Does having children make you more forgetful? Do you find things harder to process?
Have you ever felt a sense of overwhelm from things you previously navigated with ease?
If so, you wouldn’t be the first to blame it on “mom brain.”
And while that’s an excuse over which your mom friends will share an empathetic laugh, would it freak you out to learn that “mom brain” is real?
There is evidence for the neuroscience behind this, but there are also other more practical reasons. Forget that you are exhausted — ALL THE TIME. The sheer volume of information you have to keep track of once you have kids is daunting.
Because being a mom can be a logistical nightmare:
- You have to keep up with ever changing schedules — what do you mean I was supposed to have you there at 7am; I thought it was 8am?
- You have to stay on top of inventory — seriously, two gallons of milk should last a week.
- You are the keeper of the personal information — shoe sizes, birthdays, who goes to which practice when, and who does/doesn’t eat what.
- You are the creator of your family culture: navigating media, fitness, education, art, and other experiences–let’s try Chopin, because “Baby Shark” is legit threatening my sanity.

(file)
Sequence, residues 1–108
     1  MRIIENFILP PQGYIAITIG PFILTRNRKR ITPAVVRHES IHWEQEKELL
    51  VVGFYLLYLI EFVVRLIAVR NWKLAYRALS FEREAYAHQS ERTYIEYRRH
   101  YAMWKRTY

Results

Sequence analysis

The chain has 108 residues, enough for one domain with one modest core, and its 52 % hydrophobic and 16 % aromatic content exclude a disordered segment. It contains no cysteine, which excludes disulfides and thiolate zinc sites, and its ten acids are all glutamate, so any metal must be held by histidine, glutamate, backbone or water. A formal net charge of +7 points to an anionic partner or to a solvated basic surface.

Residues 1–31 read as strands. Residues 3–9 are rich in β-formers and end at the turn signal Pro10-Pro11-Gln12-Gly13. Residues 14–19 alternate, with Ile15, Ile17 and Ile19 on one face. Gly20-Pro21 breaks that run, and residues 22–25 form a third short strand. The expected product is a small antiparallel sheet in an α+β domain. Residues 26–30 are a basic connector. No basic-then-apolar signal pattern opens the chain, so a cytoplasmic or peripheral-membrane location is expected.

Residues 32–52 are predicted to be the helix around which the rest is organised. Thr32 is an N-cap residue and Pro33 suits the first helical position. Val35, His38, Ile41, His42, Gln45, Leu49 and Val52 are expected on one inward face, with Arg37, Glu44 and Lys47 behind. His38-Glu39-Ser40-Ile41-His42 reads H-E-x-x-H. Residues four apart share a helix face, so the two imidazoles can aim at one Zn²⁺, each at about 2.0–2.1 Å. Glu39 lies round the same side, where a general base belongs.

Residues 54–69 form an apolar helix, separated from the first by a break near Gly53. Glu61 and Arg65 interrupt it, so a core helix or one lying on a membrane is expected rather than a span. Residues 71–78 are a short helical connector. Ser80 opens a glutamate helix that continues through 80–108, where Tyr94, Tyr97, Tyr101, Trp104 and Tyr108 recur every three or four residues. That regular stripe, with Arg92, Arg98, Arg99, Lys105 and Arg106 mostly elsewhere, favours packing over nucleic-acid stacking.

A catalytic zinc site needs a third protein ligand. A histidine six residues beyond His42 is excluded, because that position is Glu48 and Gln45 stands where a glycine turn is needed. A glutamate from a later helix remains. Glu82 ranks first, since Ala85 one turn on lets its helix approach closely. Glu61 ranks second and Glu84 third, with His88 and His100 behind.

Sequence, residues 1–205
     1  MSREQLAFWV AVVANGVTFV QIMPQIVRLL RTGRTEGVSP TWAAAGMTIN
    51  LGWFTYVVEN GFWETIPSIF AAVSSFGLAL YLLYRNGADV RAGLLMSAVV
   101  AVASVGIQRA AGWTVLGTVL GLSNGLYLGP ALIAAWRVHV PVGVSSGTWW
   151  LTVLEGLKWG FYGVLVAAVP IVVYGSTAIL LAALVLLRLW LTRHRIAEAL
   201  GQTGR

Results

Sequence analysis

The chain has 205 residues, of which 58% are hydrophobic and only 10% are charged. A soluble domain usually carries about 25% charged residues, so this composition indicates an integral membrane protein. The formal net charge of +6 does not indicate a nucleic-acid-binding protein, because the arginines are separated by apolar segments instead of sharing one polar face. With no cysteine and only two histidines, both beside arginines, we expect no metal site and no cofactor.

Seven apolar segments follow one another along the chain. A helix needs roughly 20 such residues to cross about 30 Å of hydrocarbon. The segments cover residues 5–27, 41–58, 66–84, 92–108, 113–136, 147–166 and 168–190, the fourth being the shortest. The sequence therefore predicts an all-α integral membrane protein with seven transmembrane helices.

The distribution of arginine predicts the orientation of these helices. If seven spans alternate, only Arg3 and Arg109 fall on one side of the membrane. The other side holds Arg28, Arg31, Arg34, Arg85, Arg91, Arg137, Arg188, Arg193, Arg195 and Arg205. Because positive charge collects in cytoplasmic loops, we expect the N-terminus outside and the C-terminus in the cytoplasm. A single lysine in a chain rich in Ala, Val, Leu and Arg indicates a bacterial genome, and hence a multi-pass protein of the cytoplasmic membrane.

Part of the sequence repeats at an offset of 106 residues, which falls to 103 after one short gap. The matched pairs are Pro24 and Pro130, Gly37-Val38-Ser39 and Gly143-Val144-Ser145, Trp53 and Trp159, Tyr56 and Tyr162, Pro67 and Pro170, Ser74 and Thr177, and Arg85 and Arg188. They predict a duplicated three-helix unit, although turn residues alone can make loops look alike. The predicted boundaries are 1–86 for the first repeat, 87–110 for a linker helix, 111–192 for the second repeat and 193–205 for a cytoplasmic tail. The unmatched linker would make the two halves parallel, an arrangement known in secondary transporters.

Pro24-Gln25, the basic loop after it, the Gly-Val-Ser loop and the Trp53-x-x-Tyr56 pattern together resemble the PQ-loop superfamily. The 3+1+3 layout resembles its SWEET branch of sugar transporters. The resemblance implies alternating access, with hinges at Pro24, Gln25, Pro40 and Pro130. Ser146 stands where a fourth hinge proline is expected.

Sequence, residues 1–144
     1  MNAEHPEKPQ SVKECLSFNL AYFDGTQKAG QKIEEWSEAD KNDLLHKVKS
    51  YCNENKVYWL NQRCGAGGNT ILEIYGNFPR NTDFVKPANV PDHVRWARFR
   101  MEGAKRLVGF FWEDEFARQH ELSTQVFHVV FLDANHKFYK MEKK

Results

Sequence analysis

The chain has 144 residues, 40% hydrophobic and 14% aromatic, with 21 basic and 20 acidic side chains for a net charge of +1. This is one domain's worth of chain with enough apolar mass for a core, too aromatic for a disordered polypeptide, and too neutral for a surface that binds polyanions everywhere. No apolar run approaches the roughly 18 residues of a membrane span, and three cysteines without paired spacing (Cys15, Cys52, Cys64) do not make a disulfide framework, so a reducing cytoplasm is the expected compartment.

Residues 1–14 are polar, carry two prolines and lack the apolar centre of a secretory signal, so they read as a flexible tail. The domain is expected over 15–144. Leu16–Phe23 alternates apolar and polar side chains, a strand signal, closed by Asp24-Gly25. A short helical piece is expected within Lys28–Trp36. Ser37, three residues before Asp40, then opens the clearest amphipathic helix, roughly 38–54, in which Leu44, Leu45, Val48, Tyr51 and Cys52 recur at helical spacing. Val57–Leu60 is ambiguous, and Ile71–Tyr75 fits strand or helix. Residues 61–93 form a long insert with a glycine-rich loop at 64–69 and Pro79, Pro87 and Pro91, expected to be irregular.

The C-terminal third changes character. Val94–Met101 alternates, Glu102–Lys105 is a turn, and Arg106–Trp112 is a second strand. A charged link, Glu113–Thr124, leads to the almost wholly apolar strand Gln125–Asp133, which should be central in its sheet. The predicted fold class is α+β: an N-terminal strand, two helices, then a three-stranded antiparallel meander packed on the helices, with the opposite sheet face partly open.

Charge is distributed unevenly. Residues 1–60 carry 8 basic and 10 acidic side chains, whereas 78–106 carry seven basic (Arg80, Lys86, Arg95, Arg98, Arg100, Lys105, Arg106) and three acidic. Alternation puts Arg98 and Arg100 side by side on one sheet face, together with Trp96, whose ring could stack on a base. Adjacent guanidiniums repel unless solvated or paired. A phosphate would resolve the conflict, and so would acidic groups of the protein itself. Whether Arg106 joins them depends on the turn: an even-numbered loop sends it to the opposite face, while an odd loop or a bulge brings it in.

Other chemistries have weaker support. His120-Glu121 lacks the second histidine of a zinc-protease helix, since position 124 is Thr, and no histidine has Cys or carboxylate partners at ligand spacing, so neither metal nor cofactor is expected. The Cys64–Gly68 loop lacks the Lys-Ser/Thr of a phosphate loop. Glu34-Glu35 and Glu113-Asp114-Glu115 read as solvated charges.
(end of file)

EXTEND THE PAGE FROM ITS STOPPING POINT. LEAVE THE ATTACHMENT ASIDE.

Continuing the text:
- You manage the budget–no, you may not have my credit card to buy a new outfit for your Fortnite character.
- And — as if that wasn’t enough — you are also supposed to listen intently when these little people talk with you. Even if that includes an hour of MOMMY, MOMMY, MOMMY or your 6-year-old with a joke book from the school library (which could put anyone’s brain permanently on the fritz.)
If you’ve said the phrase “mom brain” in the past month, here’s some good news: starting a journaling practice can really, really help.
Here are 5 ways a journal can help you survive:
A journal gets things out of your head and in front of your eyes.
Ninety percent of the information that goes to our brains is visual. In fact, large amounts of brain real estate…